Runco Q-750i LED DLP Projector Page 3
The first Q-750i that I received worked for about three hours and then wouldn’t power back up. Duty compels me to report this as it happened. I’m also compelled to note, as I did to the surprised team at Runco, that I witnessed potential shipping damage occur during delivery. As I walked to the delivery truck, I saw the arrow indicating “this way up” pointing to the right. Then the delivery guy rolled the package end over end two or three times to the lift gate. A different delivery company delivered a second sample (right side up) that never so much as hiccupped over three months of use.
As I mentioned, once it’s calibrated through the PCE submenu, the Runco offers textbook-perfect color. Out of the box, the color shows very little to complain about. Because I could, I did most of my viewing postcalibration and saw color performance that’s unexcelled in my experience reviewing projectors. It measured perfectly and always looked natural with program material.
This projector did a terrific job getting a lot of detail out of a wide variety of Blu-ray Disc transfers. It got everything that the difficult Collateral has to offer (this transfer requires both detail and strong contrast to look acceptable). It even revealed lens aberrations and other artifacts that are inherent in the original digital capture. It was also spot on with The Book of Eli, which is razor sharp, full of gritty textural detail, and mostly black and white (captured on a Red One native 4k digital camera). The contrast and gray scale were wonderfully balanced, as were the occasional touches of color. This is a spectacular transfer, and the Q-750i delivered a demo-quality experience.
This projector’s focus, detail, and sharpness were clearly beyond what I saw from Vivitek’s H9080FD, and perhaps just a bit sharper than my JVC DLAHD750. But it’s not quite in league with the very best single-chip DLPs I’ve seen (the Samsung and Marantz models referenced above), which was disappointing. To be sure, the Q-750i offers very good detail and focus performance, but at $15,000, I was hoping for a best-in-class contender. I’ve seen two LED-based projectors hands-on now, and this is perhaps my biggest disappointment with them both—even if this Runco is a substantial step up from the Vivitek. Premium singlechip DLPs are capable of more.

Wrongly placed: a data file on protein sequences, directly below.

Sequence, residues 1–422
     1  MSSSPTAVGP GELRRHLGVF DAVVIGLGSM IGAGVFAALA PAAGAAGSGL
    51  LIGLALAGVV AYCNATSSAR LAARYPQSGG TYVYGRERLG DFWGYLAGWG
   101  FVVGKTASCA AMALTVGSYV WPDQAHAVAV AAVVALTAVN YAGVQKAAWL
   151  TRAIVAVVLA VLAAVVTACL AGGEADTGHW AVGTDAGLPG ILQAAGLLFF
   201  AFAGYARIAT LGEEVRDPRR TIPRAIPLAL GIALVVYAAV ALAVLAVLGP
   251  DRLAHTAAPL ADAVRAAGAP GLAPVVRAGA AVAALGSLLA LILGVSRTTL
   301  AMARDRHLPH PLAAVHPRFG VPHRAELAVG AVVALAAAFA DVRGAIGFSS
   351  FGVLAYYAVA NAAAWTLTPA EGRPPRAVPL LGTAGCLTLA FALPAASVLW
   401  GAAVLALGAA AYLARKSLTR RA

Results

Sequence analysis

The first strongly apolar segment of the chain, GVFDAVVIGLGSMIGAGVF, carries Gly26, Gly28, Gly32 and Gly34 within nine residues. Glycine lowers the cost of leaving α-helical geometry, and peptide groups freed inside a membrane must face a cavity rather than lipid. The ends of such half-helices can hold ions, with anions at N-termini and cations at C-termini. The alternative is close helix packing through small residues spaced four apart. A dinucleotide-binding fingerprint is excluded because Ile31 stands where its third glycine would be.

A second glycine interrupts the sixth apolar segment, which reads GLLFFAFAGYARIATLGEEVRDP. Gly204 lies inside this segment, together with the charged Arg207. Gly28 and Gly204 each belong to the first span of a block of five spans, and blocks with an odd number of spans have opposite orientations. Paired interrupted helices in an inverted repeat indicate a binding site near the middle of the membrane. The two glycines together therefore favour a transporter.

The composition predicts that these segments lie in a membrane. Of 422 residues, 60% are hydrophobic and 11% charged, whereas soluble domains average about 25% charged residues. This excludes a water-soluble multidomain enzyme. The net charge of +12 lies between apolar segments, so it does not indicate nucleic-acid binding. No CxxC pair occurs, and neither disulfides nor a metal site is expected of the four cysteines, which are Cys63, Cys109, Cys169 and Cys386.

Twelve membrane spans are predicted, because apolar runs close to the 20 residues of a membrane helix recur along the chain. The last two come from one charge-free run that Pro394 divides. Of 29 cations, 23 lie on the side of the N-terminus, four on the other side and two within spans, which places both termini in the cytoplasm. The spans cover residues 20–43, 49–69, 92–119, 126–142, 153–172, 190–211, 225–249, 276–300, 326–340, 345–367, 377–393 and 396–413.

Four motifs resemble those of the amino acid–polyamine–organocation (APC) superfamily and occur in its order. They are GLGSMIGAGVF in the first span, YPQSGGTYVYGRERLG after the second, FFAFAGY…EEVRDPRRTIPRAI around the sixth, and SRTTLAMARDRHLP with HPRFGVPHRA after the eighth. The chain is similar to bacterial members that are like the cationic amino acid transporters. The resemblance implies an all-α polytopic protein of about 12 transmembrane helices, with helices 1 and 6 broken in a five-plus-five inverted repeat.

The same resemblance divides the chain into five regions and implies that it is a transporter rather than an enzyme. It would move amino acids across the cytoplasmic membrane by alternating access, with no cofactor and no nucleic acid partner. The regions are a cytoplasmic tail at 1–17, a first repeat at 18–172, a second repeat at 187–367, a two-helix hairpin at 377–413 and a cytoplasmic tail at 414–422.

With ConstantContrast engaged at the Low setting, I was impressed by the Runco’s blacks and contrast. They didn’t match my JVC DLA-HD750, but they were definitely in the top tier below it. The JVCs are quite simply far ahead in this respect, and they don’t need a dynamic contrast feature to get there. The JVC also pulls ahead in terms of shadow detail on the most demanding scenes. That being said, the ConstantContrast performance is very solid. Chapter 13 of The International showed brightness compression. The details in Clive Owen’s harshly lit nose were completely lost, but this scene was devoid of any visible pumping (noticeable ramping up and down of the overall brightness). While I could find torture-test scenes that would induce some pumping, it was seldom visible in day-to-day viewing (and even then only because I’ve trained myself to look for it). However, this is only the case if ConstantContrast is set to Low. Higher settings produced marginally better contrast by eye, but pumping artifacts became more noticeable and more distracting. Native contrast is important in projectors with a dynamic contrast system. The higher the native contrast, the less aggressive and therefore more invisible the dynamic system’s operation will be.
The 15-ft-L light output was outright punchy in my room, which is a total blackout job. As a result, HD broadcasts and particularly sports looked terrific. The Q-750i uses Runco’s ViVix video procesing solution, so it treats 1080i HD superbly and yields excellent results, as our Video Test Bench results confirm.
If all of this sounds familiar, these are the kind of things I said about the much less expensive, lamp-driven Runco LS-5. And yes, that’s something of a rub. In terms of pure performance, while it’s undoubtedly excellent, this projector doesn’t dramatically outperform the best sub-$10,000 projectors I’ve seen. There’s value in its potential for maintaining brightness over time and not needing multi-hundred-dollar bulb replacements every couple thousand hours. I’m just not sure that I see enough value in that to scratch a check for nearly $15,000, which is rarefied air for most of us. The $8,000 delta between the Q-750i and the LS-5 buys a lot of spare lamps.
A little more sharpness and/or a little lower price tag would have made me jump up and down. But at $14,995, with many stellar performers in front projection at $10,000 and less, and 3D looming, the Q-750i’s excellent but not quite state-of-the-art performance doesn’t offer enough of a slam-dunk value to warrant an unreserved Top Pick. The Q-750i is truly spectacular in many key aspects of performance. It also boasts a strong, well-implemented feature set. Its color is exceptional, a degree of accuracy that we could only dream of just a couple of years ago. It’s technically a firstgeneration product, being Runco’s first LED-driven projector. But it has no bugs or quirks that will remind anyone of that fact.
Valuing pricey components is the trickiest part of this business. The set-it-and-forget-it nature of LEDs and this projector’s undeniably terrific performance are worthy. For a person of means, that may be enough to drive you to pry that extra cash out of your wallet. You’d get no argument from me.